In the west, fresh turmeric went from being a relatively slow-moving spice available at Asian grocery stores to something of a hot trend early this year. Our modest but medicinal haldi ka doodh took off as a latte, happily blitzed with carrot for a morning smoothie, and stained the fingers of many many chefs who wanted to work with this gleaming orange rhizome.
One of our oldest home remedies, turmeric, the knobby, seemingly unassuming root garnered a fan following so quickly, that it was rather amusing to watch on (whoever wrote it off as the poor man’s saffron ought to see it now). Call it mere fad, but for me it echoed that which thousands of Indians have known to be true for quite some time now- our food culture with its evolved system of seasonal eating, fasting and incorporating natural and holistic medicine (ayurveda) into our daily cuisine makes our food habits particularly noteworthy.
White turmeric and yellow turmeric are poles apart in terms of flavour. White turmeric has notes of raw mango and ginger that fit beautifully in a Thai salad. It has a stronger taste than the more delicate flavoured bright orange ones, or yellow turmeric, which is more common. The yellow turmeric has peppery notes with a faint bit of ginger in there, but it is clearly the more fragrant of the two and stains very easily. Turmeric leaves pack quite a bit of flavour too, and can be used to either make parcels of meat or fish and steamed, or swapped for pandan in plain steamed rice. A slight balmy, but not unpleasant taste surfaces when you cook the parcels.
For this feature, I decided to make a simple pickle of both white and yellow turmeric, an Ottolenghi-inspired salad from his article on ‘one man’s exotic is another man’s everyday’ in the most recent issue of Bon Appetit magazine and a detox tea that brings together fresh turmeric, ginger and honey- an absolute classic.
White Turmeric root 250g
Yellow Turmeric root 250g
Salt 3 tsp
Limes 2, juiced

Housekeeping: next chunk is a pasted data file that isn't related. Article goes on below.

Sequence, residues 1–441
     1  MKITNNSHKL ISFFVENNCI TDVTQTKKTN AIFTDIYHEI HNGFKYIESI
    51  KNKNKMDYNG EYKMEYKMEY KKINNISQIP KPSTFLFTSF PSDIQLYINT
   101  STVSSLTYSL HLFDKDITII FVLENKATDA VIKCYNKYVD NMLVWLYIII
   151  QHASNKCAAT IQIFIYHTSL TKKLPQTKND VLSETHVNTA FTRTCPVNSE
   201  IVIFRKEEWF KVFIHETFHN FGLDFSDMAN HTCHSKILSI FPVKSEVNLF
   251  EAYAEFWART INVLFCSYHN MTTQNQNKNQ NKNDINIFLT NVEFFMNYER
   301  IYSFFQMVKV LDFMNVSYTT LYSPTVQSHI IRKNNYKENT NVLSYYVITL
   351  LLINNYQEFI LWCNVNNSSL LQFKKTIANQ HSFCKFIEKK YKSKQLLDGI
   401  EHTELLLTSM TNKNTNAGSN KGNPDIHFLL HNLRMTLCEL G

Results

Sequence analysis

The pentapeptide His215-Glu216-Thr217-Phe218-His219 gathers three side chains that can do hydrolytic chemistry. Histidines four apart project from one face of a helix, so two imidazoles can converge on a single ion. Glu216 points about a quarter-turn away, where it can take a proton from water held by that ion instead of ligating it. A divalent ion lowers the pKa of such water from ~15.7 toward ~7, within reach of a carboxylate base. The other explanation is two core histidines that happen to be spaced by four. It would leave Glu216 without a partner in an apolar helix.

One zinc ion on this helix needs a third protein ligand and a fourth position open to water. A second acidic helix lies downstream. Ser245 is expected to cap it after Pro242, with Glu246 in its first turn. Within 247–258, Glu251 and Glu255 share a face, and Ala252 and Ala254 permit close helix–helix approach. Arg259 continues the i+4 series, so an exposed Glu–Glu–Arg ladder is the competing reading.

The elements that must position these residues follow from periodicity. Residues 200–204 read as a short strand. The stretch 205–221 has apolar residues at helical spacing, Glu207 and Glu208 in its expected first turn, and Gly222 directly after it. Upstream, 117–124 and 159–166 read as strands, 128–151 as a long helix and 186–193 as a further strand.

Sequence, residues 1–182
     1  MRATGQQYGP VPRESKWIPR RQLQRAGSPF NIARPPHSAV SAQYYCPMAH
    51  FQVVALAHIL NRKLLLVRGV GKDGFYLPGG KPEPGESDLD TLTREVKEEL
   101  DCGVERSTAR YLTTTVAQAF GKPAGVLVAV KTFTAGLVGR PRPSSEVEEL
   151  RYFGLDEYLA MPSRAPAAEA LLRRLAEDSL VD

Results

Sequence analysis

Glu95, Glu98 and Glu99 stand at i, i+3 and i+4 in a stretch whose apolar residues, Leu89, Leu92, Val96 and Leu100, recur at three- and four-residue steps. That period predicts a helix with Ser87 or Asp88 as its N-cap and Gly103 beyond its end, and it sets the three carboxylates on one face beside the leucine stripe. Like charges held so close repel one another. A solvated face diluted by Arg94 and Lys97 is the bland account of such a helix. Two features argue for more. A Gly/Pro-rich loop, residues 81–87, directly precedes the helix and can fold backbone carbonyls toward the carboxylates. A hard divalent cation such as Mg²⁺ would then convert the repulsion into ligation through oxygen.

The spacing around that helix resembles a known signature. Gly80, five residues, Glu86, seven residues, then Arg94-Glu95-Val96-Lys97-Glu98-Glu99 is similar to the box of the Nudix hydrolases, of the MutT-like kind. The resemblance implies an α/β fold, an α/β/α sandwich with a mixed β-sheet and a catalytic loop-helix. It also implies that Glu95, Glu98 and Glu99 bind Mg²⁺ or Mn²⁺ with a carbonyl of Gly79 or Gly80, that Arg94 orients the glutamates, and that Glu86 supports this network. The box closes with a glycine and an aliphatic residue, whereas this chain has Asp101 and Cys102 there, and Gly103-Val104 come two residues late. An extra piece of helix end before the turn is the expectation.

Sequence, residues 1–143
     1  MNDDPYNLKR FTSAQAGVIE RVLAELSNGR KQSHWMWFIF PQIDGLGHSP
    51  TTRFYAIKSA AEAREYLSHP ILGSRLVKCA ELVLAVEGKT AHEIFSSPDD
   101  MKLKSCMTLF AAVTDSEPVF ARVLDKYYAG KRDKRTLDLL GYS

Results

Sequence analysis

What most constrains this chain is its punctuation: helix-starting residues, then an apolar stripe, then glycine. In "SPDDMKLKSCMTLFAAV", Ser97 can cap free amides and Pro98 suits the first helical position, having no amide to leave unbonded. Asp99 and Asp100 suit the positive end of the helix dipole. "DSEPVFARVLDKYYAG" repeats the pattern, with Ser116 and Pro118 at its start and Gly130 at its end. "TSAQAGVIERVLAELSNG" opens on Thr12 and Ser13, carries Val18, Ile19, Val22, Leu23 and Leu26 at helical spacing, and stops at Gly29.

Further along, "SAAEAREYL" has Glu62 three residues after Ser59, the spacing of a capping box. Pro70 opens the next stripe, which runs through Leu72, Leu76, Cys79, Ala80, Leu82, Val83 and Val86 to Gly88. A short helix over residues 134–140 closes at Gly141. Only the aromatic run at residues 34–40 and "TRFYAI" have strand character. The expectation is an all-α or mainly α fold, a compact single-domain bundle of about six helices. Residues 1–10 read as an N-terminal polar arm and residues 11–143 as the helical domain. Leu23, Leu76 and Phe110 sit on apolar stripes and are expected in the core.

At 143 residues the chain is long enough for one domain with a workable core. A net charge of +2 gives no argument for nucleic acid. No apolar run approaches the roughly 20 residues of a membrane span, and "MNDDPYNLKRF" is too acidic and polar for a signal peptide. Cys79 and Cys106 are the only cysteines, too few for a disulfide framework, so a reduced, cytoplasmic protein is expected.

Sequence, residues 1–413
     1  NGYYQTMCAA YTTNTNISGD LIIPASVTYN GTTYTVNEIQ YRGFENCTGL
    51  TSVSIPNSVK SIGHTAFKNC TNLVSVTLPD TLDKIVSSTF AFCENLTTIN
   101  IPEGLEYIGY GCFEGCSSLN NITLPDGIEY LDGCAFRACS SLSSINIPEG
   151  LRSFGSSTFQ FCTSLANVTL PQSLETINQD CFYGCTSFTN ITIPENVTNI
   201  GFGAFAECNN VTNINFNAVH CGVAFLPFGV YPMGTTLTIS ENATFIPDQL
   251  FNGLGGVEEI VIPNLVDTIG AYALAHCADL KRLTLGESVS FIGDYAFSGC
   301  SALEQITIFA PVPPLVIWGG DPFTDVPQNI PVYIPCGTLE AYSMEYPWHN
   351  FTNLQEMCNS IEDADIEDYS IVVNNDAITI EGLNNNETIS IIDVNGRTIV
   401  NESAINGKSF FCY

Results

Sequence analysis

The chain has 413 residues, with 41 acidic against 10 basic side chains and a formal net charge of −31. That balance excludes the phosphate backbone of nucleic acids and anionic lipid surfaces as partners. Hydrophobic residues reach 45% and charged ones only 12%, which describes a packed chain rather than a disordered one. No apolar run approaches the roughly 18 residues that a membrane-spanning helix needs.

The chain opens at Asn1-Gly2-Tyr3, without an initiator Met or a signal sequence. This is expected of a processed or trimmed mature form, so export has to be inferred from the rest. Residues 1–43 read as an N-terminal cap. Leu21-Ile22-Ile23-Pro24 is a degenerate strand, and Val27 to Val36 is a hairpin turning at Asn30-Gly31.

Cut the white and yellow turmeric into juliennes or long thin strips, being careful with the latter. You could wear plastic gloves to avoid staining your hands.
Add the salt and lemon juice and massage the turmeric with your hands. Let it sit outside for two days at least, before keeping it in the refrigerator.
Ottolenghi’s Pepper and Corn Salad With A Turmeric Dressing
Corn 1 ear, husked
Yellow bell pepper 1 (red works just as well, but not green)
Cherry tomatoes 50g
Endive leaves or any other bitter leaf of your choice 1/2 a head or a handful , roughly torn
Arugula leaves a little less than a cup
Salt and pepper to taste
Green chilli 1, chopped
Yellow Turmeric root 1 piece, about 4-5 inches
Ginger a one-inch piece
Coriander 1 cup, coarsely chopped, stems intact
Garlic cloves 3-4
Olive oil 1/4 cup
Lime zest 1/2 tsp
Limes 1, juiced
Salt to taste
Start by blitzing together all the ingredients for the salad dressing and set this aside.
Refresh your salad leaves by duking them in ice-cold water. You’ll have to fish the greens out and spin them once it’s time to assemble the salad.
Burn the pepper on a naked flame until it is charred on all sides. Take it off the flame and let it cool. Do not discard the skin, as this will add a nice smoky flavour to the salad. Next, grill the corn on the same flame until it is sufficiently charred on all sides.
Discard the white seeds from the peppers, and flatten it out charred side up on a chopping board. Cut into thin strips and keep aside. Using a knife, slice the cooked corn kernels off the cob and let it fall onto a plate underneath. Mix together the corn and the slivered peppers.
On a grill or a frying pan, heat the cherry tomatoes until they make popping sounds. Take it off the heat and add to the corn and pepper mix.
Spin the salad leaves and start assembling your salad. Drop a few tablespoonfuls of the dressing and toss everything together. Taste again for seasoning. A few turns of cracked pepper won’t hurt.
For the Turmeric Tea, grate 2 tbsp fresh turmeric and 1 tbsp fresh ginger. Add a few rounds of cracked pepper, 1/4 tsp cinnamon, 4-5 tbsp honey and 1 tsp lemon juice. Taste and adjust the sweetness and the lemon juice. Let this sit in an airtight glass container in the refrigerator. Add a little more than a pinch of this mixture to a cup of boiling water.